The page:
For nearly two years, he has been a faculty member at the OU College of Nursing, where he conducts research, teaches doctoral students and engages them in research experiences. He holds the Donna L. Wong Professorship in Pediatric Nursing at the college. He also serves as a senior adviser and research liaison to OU Health, the clinical partner of OU Health Sciences, bridging the college and the health enterprise on research projects.

His distinctive expertise makes him ideal for advising ARPA-H on the resiliency of health systems, particularly in climate disasters. Recent history has demonstrated the concerns: In 2017, Hurricanes Harvey, Irma and Maria devastated large areas of the Caribbean, Florida, Georgia, South Carolina and Texas. In 2020, Lake Charles, Louisiana, was hit by two hurricanes six weeks apart. Numerous hospitals shut down, and when people evacuated and sought care elsewhere, they often didn’t have their prescriptions and medical histories, nor did hospitals have access to them.

“Health resilience is about determining how we can have continuity of care, how we can identify the populations who need the most care — addressing these major concerns before we even know what the next disaster will be,” Colf said. “What are the creative ways of addressing these issues and making hospitals and health systems more resilient?”

Colf said his experience as an ARPA-H adviser will only enhance his ongoing interactions with students at the OU College of Nursing. Although he is not a nurse, his career in both government and academia illustrates that health careers don’t always look like they did in the past.

“Historically, people with science and health professional degrees went into a laboratory, worked in industry, or provided patient care in a hospital,” he said. “Today, the options have expanded dramatically. We need people in health policy roles who have scientific expertise and health care skills in order to shape those roles appropriately. It is wonderful to expose our students to all of these options and to discuss their future opportunities.”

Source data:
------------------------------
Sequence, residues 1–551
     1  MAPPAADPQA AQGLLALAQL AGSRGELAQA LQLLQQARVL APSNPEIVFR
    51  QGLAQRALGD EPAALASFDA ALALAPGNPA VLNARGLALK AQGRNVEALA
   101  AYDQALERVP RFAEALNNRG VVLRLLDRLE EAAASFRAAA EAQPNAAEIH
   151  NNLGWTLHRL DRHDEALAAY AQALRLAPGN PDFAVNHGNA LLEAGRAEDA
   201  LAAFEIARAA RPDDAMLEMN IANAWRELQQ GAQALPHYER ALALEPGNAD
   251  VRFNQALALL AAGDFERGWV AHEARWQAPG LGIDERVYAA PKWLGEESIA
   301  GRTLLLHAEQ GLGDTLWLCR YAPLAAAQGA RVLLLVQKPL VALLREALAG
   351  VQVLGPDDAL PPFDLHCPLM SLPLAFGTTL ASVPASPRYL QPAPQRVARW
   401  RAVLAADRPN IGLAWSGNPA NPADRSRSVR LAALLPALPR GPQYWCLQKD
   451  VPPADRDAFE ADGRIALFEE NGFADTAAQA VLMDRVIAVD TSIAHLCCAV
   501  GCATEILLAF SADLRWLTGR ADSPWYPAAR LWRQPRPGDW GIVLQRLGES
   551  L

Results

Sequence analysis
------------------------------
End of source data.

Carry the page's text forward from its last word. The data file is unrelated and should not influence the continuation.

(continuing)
OU College of Nursing Dean Julie Hoff, Ph.D., MPH, RN, agreed that Colf’s advisory role with ARPA-H will benefit both the college and health care more broadly.

“This opportunity is a shining example of the caliber of our faculty in the OU College of Nursing,” Hoff said. “We are excited for what Dr. Colf will do to revolutionize health care systems, working in collaboration with ARPA-H and talented researchers across the nation. We are also excited to share his experiences with our students. Not only do we provide our students with a solid education and high-quality clinical experiences, but we also connect them with opportunities to learn about health policy and global affairs.”

About the University of Oklahoma

Founded in 1890, the University of Oklahoma is a public research university located in Norman, Oklahoma. As the state’s flagship university, OU serves the educational, cultural, economic and health care needs of the state, region and nation. OU was named the state’s highest-ranking university in U.S. News & World Report’s most recent Best Colleges list. For more information about the university, visit